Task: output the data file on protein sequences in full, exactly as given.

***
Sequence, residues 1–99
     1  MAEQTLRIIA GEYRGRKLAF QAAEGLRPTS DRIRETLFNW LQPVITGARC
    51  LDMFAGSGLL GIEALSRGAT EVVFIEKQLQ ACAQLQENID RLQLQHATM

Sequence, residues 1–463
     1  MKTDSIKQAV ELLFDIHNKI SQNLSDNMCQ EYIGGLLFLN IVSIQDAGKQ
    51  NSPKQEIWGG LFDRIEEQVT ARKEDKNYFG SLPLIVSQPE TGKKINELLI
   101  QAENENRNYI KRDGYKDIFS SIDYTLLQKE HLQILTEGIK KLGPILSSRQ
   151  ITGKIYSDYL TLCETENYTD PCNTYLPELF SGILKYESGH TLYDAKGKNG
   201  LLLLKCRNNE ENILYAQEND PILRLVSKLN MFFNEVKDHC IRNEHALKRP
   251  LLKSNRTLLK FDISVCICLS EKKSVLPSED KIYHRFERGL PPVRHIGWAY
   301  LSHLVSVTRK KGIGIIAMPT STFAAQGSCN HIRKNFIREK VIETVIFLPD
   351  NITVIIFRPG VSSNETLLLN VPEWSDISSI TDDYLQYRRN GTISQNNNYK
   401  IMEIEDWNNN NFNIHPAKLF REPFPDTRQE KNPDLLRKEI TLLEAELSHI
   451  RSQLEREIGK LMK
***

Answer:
Sequence, residues 1–99
     1  MAEQTLRIIA GEYRGRKLAF QAAEGLRPTS DRIRETLFNW LQPVITGARC
    51  LDMFAGSGLL GIEALSRGAT EVVFIEKQLQ ACAQLQENID RLQLQHATM

Sequence, residues 1–463
     1  MKTDSIKQAV ELLFDIHNKI SQNLSDNMCQ EYIGGLLFLN IVSIQDAGKQ
    51  NSPKQEIWGG LFDRIEEQVT ARKEDKNYFG SLPLIVSQPE TGKKINELLI
   101  QAENENRNYI KRDGYKDIFS SIDYTLLQKE HLQILTEGIK KLGPILSSRQ
   151  ITGKIYSDYL TLCETENYTD PCNTYLPELF SGILKYESGH TLYDAKGKNG
   201  LLLLKCRNNE ENILYAQEND PILRLVSKLN MFFNEVKDHC IRNEHALKRP
   251  LLKSNRTLLK FDISVCICLS EKKSVLPSED KIYHRFERGL PPVRHIGWAY
   301  LSHLVSVTRK KGIGIIAMPT STFAAQGSCN HIRKNFIREK VIETVIFLPD
   351  NITVIIFRPG VSSNETLLLN VPEWSDISSI TDDYLQYRRN GTISQNNNYK
   401  IMEIEDWNNN NFNIHPAKLF REPFPDTRQE KNPDLLRKEI TLLEAELSHI
   451  RSQLEREIGK LMK